Despite his lung-crippling disease, Aaron Rossman hit the winning run in the Big Bat Bopper Baseball Olympic event when he was a junior in high school. It’s no wonder his friends are fundraising with that sport to honor Rossman who passed away in November at age 22.
Big Bat Bopper Baseball, a game that combines kickball, cricket and baseball, is believed to have been invented by PMHS physical education teachers back in 2004. Since the sport is a crowd favorite among Pelham students, and one Rossman particularly loved, his close friends decided to put together a tournament next month to raise money for Cystic Fibrosis research. To date, the organizers have collected $11,263.
“The charm of this event is that it’s really student driven,” remarked Michael Recca, who was best friends with Rossman since kindergarten and is a lead organizer. “There are a lot of fundraisers in town, but this is just us.”
About 30 of Rossman's friends got together back in March to devise a fundraising plan. Once the sport was chosen, the crew divided up the tasks and each donated money to ensure that all the funds will go directly to the Cystic Fibrosis Foundation’s Purchase chapter.
“The Cystic Fibrosis Foundation is paying nothing, and that’s good because we want to maintain the identity of the event,” Recca said.
Another part of the event’s identity is making sure that Rossman’s life, and the vivacious way he led it, is honored on June 12. Though Rossman had been served a grim sentence at an early age, he didn’t let the disease hold him back.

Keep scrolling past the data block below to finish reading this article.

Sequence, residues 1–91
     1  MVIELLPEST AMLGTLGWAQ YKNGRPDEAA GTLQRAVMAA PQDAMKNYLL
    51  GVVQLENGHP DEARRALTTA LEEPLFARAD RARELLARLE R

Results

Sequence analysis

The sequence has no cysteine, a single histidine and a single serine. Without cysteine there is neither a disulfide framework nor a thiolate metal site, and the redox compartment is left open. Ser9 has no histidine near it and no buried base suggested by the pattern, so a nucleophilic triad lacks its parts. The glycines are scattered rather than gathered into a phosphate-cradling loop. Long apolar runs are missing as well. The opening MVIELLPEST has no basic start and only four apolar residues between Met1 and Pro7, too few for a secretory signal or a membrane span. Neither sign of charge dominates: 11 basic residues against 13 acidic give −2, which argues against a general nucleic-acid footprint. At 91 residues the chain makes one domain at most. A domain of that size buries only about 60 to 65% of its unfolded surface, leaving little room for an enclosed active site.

“He was always playing sports with us,” Recca shared. “He was a very good athlete.”
Upon graduating from PMHS in 2006, Rossman spent a year volunteering and taking classes in Israel on the Young Judea Year Course program, before heading off to the University of Hartford for a year. He then transferred to Pace University, where he studied up until just months before he died.
The outpouring of support and participation for the tournament are testimony to just how many people value the way Rossman fought to maximize the time he had here.
Recca anticipates that about 300 players will step up to bat at the event, and a slew of vendors have already helped out with the food and auction items. Wolf's Lane Deli is offering up the grub, and Pepsi is donating the drinks. Participants will also be able to bid on Fairway gift cards, Jets and Yankee tickets and clothing from a local store, among other items.
While Recca couldn’t speculate on how Rossman would react to his friends pulling off such a feat, he was able to easily point to what naturally drew so many people to Rossman.
“He was the life of a party,” Recca offered. “He did not let CF define him.”
The Big Bat Bopper Tournament takes place on June 12 at 9 a.m. in the PMHS and PMS gymnasiums. Registration fee: $15. To sign up for the tournament, email Michael Recca at firstname.lastname@example.org. Or, you can make a donation to the cause here.